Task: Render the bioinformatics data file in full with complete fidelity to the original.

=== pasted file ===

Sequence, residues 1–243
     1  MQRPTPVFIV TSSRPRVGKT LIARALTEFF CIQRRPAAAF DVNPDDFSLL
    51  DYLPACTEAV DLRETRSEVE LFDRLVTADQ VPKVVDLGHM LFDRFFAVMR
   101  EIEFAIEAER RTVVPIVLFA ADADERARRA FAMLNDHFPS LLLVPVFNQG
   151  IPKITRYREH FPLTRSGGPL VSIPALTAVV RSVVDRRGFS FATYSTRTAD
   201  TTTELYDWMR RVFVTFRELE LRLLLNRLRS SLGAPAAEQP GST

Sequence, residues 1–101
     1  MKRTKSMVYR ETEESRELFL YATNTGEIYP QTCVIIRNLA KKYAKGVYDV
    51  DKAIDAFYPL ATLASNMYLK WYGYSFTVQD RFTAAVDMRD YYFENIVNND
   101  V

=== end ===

Sequence, residues 1–243
     1  MQRPTPVFIV TSSRPRVGKT LIARALTEFF CIQRRPAAAF DVNPDDFSLL
    51  DYLPACTEAV DLRETRSEVE LFDRLVTADQ VPKVVDLGHM LFDRFFAVMR
   101  EIEFAIEAER RTVVPIVLFA ADADERARRA FAMLNDHFPS LLLVPVFNQG
   151  IPKITRYREH FPLTRSGGPL VSIPALTAVV RSVVDRRGFS FATYSTRTAD
   201  TTTELYDWMR RVFVTFRELE LRLLLNRLRS SLGAPAAEQP GST

Sequence, residues 1–101
     1  MKRTKSMVYR ETEESRELFL YATNTGEIYP QTCVIIRNLA KKYAKGVYDV
    51  DKAIDAFYPL ATLASNMYLK WYGYSFTVQD RFTAAVDMRD YYFENIVNND
   101  V